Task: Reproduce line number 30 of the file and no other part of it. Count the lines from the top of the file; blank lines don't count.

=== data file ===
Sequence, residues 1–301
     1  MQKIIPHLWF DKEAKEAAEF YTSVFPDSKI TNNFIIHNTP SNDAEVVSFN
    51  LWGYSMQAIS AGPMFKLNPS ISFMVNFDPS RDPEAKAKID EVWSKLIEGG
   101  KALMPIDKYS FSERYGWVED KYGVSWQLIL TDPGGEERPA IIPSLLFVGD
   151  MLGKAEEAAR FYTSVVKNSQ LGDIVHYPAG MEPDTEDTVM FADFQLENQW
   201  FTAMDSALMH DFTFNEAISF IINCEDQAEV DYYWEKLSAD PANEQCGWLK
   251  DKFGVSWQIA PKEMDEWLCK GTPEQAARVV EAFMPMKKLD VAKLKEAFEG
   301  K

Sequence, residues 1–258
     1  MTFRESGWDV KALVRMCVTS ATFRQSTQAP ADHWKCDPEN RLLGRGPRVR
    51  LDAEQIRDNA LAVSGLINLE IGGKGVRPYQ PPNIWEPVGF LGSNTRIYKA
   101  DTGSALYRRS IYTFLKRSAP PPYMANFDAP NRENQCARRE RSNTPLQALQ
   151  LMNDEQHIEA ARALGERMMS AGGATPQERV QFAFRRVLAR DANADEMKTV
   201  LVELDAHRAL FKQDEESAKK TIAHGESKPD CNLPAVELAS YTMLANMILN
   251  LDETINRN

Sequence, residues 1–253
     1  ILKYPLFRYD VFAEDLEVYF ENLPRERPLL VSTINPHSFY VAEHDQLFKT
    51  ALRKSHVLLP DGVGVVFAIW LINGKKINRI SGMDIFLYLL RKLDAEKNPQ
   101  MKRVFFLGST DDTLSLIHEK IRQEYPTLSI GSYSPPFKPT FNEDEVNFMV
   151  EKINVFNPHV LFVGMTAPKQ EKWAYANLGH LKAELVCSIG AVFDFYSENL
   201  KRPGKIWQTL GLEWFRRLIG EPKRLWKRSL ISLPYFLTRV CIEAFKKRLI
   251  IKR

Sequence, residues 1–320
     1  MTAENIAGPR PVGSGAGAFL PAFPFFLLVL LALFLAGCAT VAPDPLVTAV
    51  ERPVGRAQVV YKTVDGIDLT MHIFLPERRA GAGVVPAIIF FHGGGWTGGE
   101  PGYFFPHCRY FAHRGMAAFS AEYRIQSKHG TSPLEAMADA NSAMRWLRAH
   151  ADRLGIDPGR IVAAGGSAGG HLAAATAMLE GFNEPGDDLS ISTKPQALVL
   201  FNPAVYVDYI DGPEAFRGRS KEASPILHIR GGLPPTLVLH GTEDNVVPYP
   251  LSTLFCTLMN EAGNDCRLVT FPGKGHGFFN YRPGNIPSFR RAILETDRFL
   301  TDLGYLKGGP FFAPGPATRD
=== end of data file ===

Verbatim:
   301  TDLGYLKGGP FFAPGPATRD